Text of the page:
Where has the time gone?
I was just getting over Christmas and then WHAM! New Year hits us and now I find that a week – a whole week – of 2014 has gone by without me wishing all my readers a Happy New Year.
Someone please slow down the clock – or add another month or two to the calendar. I need an extra few weeks/months in every year to get done the things I plan to do.
Many years ago I had a Calvin & Hobbes cartoon pinned up near my desk at work. The caption read: “God put me on Earth to achieve a certain number of things. Right now I’m so far behind I am going to live forever.” I feel that way right now – and have frequently felt it over recent years.
So with no further ado, let me wish all of my readers a HAPPY NEW YEAR.
One of the hindrances to not sharing anything new here recently has been the peaceful passing of my mother-in-law. It has meant a flurry of activity, including a rushed trip home from Sydney where I’d hoped to have been out birding a little more. Mum’s funeral was a celebration of the great things about her – not the hardships and ill health of recent years. It was also a time of gathering together family and friends to remember the good times with much laughter.
What about the birds?
I’d better get around to telling you about the birds I’ve seen recently. One species I longed to see in my son’s garden in Artarmon was a King Parrot. Even my 5 year old grandson can identify that one because it is a frequent visitor to the garden. Sadly none made an appearance while I was playing with the children during our three week stay.
On a brighter note I did see about 4 Australian King Parrots during our day-long visit to Mt Annan Botanic Gardens at Campbelltown in the south of great Sydney. The light conditions were poor – very overcast – when I tried to photograph them, and the photo below is the best of a poor lot. At least you can see that it is, indeed, a male King Parrot.
The photo at the top of this page is one of my favourites and was taken in one of the walk-through aviaries at Adelaide Zoo here in South Australia.
I am quite pleased with this photo of two budgerigars. It was taken through the wire netting of one of the aviaries in the Adelaide Zoo here in south Australia. The viewer is not even aware of the netting between my camera lens and the birds.
Budgerigars, probably the most kept pet bird in the world, is truly magnificent in its natural colours and in its natural environment. I know breeders of this species have developed all sorts of amazing colour variations: yellow, blue, purple, white, speckled and even red – though I suspect the photo of a red one I found online was actually of a bird dyed that colour.
My question is: WHY?
Why mess with beauty and perfection. The natural colours are just perfect.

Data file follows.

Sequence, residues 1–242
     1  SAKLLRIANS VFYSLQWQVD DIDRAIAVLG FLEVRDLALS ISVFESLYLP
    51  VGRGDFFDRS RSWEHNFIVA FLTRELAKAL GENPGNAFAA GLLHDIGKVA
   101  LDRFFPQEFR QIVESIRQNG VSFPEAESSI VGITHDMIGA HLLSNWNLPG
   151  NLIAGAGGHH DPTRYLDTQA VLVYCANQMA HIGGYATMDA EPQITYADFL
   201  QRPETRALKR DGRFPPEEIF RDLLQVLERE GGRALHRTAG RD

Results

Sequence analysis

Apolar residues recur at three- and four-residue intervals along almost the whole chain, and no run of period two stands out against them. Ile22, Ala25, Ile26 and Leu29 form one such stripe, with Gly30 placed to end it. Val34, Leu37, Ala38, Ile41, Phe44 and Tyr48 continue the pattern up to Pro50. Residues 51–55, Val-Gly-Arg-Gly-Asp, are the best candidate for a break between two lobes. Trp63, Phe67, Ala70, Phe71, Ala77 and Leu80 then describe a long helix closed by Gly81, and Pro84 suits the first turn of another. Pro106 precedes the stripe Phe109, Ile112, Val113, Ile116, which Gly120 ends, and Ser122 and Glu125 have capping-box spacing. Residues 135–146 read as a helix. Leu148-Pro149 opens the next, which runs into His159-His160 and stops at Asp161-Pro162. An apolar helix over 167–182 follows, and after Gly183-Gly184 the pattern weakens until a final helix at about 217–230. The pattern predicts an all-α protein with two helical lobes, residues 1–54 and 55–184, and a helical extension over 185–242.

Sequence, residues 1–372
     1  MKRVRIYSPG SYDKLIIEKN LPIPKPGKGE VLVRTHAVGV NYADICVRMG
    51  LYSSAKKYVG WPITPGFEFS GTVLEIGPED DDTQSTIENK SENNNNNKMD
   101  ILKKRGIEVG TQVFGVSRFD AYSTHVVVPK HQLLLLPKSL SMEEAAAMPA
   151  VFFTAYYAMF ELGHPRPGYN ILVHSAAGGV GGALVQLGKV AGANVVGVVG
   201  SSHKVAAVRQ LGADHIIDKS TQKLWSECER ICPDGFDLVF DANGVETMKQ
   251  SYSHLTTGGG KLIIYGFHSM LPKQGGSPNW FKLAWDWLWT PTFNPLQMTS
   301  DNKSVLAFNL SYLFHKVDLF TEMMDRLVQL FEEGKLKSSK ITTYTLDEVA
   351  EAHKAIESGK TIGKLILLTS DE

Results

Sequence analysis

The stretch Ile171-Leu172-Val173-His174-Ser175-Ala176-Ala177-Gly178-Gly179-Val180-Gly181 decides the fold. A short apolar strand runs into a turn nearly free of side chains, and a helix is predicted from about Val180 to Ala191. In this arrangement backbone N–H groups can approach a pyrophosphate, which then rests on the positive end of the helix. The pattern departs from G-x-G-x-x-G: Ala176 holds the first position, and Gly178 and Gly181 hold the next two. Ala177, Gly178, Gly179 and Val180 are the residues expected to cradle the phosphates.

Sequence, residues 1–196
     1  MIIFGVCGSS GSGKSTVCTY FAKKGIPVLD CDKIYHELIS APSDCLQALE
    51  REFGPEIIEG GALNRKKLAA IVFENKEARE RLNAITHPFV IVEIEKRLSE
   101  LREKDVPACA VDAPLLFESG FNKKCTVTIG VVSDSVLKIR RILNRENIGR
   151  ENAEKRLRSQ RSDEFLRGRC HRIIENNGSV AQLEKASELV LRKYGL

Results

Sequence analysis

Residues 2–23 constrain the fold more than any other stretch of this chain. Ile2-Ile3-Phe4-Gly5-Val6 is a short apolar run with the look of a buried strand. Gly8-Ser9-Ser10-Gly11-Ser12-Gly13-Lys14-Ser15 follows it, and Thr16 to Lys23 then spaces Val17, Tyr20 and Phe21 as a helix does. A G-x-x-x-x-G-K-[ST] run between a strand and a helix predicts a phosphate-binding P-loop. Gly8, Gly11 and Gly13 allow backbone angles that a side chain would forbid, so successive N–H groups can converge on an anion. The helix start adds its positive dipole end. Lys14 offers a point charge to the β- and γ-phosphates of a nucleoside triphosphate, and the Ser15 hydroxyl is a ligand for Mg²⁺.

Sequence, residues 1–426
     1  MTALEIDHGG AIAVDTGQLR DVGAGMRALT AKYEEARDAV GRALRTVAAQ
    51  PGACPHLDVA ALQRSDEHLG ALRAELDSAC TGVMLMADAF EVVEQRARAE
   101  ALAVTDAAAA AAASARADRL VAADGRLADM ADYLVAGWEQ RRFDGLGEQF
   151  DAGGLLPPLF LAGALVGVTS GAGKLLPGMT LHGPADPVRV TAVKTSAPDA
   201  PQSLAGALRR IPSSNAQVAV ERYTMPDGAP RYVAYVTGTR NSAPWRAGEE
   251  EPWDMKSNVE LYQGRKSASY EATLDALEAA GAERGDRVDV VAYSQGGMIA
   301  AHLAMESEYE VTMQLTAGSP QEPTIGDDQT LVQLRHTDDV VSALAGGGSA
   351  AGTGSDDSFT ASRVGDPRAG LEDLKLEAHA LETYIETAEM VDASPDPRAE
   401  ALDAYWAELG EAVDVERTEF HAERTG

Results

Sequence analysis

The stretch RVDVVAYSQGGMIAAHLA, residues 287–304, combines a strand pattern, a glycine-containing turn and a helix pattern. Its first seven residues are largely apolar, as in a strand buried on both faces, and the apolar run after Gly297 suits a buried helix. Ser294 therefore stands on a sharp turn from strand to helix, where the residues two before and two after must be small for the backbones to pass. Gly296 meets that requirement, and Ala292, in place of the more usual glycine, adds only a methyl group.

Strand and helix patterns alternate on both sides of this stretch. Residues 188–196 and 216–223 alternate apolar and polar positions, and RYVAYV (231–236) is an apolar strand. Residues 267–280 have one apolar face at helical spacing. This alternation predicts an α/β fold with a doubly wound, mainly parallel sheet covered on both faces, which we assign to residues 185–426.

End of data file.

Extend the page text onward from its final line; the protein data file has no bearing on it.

We have many colourful parrots in Australia. In fact, our land is aptly called “The Land of Parrots”. One of the more colourful parrots native to Australia is the King Parrot. Sadly, I’ve only seen this species on a handful of occasions. I should spend more time visiting my grandchildren in Sydney because my son tells me that they often fly through or spend time in their garden in Artarmon. I’ve missed them every time I’ve been there!
The bird shown in today’s photo is up close and personal. It was easy to get this photo because it was taken in a walk through aviary in the Adelaide Zoo. Moreover, the keeper had just fed the birds and it was more interested in eating than what I was doing. Added to that was the zoom facility on my camera.
Nice shot, I reckon. What do you think? Leave a comment or two, please.
When I look at the photos I am posting today I cannot but help being amused. That’s one very interesting hairdo. I’m not sure if one can draw that conclusion, however, seeing birds have feathers, not hair.
Still, the arrangement of the feathers on this Pied Heron amuses me and I hope my readers also have a little chuckle.
Let me know what you think by leaving a comment or two.
The bird featured in today’s photos is a part of the collection of birds in a walk through aviary in the Adelaide Zoo here in South Australia.
Spoonbills would have to be one of my favourite of all of the wonderful birds we have here in Australia. It was another species, the Yellow-billed Spoonbill that was , in part, responsible for me becoming a birder. I was fascinated to see one feeding in the rock pools of Chambers Gorge in the Flinders Ranges. This was in the mid 1970s. Because it is in the harsh, arid far north of South Australia, this gorge only has water intermittently.
I didn’t have a far to travel to see the bird shown in today’s photo, a Royal Spoonbill. It was taken in one of the walk through aviaries in the Adelaide Zoo, a mere hour’s drive from my home.